Friday, December 21, 2018
This story is from Legal Tech News:
Columbia Law School students are using a legal tech company's document automation software to address the legal needs of New York City tenants and low-wage workers in South America.
Columbia Law School students are using a software program to create apps to help various legal organizations’ clients automate the drafting of legal documents. The project came after Columbia Law School Legal Technology Association, a student-led association seeking to expose members to the broad scope of legal technology, and HelpSelf Legal teamed up in the spring 2018 semester to offer HelpSelf’s document automation builder software for worthy causes.
These Columbia students join a growing group of law students across the U.S. using their burgeoning legal knowledge to create user-friendly apps to help automatize services for legal aid organizations’ clients.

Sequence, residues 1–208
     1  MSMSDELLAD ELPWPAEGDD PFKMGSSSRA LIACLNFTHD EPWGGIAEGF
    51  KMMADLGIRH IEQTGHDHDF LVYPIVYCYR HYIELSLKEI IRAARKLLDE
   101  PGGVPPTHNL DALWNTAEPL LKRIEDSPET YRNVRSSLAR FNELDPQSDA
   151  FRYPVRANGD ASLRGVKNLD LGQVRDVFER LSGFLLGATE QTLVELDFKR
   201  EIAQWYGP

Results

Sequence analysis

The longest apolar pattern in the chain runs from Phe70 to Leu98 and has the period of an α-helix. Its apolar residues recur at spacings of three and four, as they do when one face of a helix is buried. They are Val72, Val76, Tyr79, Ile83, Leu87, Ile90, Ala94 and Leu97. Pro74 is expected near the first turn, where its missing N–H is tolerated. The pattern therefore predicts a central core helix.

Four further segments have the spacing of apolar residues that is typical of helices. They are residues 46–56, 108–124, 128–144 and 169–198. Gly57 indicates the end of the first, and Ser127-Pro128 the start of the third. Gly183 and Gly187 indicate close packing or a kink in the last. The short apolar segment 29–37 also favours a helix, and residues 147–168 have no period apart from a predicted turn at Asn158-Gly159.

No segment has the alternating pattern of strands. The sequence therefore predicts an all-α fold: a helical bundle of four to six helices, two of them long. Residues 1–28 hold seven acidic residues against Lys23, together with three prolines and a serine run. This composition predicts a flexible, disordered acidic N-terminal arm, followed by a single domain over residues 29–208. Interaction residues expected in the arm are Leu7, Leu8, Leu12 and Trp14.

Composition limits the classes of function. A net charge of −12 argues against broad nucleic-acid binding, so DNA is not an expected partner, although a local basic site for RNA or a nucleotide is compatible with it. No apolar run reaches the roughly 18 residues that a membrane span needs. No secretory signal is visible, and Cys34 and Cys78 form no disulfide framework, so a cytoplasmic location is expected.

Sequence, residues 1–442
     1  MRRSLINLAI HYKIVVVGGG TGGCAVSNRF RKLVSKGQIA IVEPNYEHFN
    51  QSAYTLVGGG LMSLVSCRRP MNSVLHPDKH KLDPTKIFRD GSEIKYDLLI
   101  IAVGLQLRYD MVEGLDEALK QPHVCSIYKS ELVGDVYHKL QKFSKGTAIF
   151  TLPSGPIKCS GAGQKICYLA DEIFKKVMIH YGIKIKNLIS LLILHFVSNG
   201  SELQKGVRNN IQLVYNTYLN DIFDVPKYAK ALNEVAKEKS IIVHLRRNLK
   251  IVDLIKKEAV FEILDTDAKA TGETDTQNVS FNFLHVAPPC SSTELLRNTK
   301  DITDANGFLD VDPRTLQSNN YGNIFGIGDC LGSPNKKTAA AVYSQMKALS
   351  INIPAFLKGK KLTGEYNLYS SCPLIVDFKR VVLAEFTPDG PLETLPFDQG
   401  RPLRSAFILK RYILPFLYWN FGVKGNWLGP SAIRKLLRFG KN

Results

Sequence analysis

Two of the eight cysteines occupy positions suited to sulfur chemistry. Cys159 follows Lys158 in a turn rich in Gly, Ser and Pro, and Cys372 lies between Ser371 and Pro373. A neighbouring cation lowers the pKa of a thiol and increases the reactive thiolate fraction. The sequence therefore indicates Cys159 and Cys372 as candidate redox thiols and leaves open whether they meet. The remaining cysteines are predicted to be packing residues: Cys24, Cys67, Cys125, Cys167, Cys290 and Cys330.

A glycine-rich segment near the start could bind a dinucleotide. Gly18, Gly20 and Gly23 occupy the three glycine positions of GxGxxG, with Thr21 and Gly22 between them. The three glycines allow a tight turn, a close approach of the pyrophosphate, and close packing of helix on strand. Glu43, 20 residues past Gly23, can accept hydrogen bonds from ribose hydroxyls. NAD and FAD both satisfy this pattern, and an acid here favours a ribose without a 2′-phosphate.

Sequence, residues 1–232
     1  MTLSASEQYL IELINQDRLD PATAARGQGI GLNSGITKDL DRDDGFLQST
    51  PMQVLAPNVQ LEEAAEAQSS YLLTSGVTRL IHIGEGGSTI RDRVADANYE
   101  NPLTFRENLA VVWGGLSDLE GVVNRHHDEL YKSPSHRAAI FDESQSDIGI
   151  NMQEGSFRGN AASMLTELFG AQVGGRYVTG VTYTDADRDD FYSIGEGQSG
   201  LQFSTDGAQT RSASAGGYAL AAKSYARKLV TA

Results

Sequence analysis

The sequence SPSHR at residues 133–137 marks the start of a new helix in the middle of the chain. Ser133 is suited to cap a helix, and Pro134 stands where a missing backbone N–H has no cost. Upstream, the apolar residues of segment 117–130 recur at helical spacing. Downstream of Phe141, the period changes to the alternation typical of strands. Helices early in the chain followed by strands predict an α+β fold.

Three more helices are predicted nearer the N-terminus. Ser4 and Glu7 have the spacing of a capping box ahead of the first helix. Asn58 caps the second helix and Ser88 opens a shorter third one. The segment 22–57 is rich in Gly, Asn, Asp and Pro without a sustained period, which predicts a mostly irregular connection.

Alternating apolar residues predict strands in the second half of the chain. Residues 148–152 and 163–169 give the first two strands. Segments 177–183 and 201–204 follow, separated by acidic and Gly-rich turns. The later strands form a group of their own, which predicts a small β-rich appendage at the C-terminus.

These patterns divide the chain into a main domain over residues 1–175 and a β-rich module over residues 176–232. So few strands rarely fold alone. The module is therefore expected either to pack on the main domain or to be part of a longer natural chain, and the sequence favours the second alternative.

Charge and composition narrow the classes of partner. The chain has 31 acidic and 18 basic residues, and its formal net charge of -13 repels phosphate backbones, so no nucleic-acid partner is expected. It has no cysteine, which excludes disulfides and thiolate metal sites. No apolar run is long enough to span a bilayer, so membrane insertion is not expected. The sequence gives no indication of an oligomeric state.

HelpSelf’s document automation builder software allows users to create form-based interviews, which clients fill out with necessary information directly on a site. The clients’ answers merge into a specified document and automatically generate “execution-ready documents.”
HelpSelf Legal is the brainchild of former Sidley Austin associate Dorna Moini. Moini told The Recorder in January that she left Big Law after six years to focus on creating a “system that will allow people to have much greater success than they would if they were going it on their own.”
Columbia law students will use HelpSelf’s automated document software to help potential litigants with their legal document preparation.
Cecilia Plaza, a second-year law student at Columbia Law School, said she and others have teamed up with the New York City Housing Court to create a mobile- and desktop-accessible app to help tenants. Tenants answer questions created by the students, and their answers will generate a legal document. A legal aid attorney will be available to review and provide pro bono, explained HelpSelf Legal’s Moini.
After signing up for the project in April, Plaza explained, her group contacted legal aid organizations and nonprofits for feedback on where they thought clients would most benefit. They found that housing matters, such as tenants having to respond to a landlord’s allegations of nonpayment, was a pressing legal matter, Plaza said.
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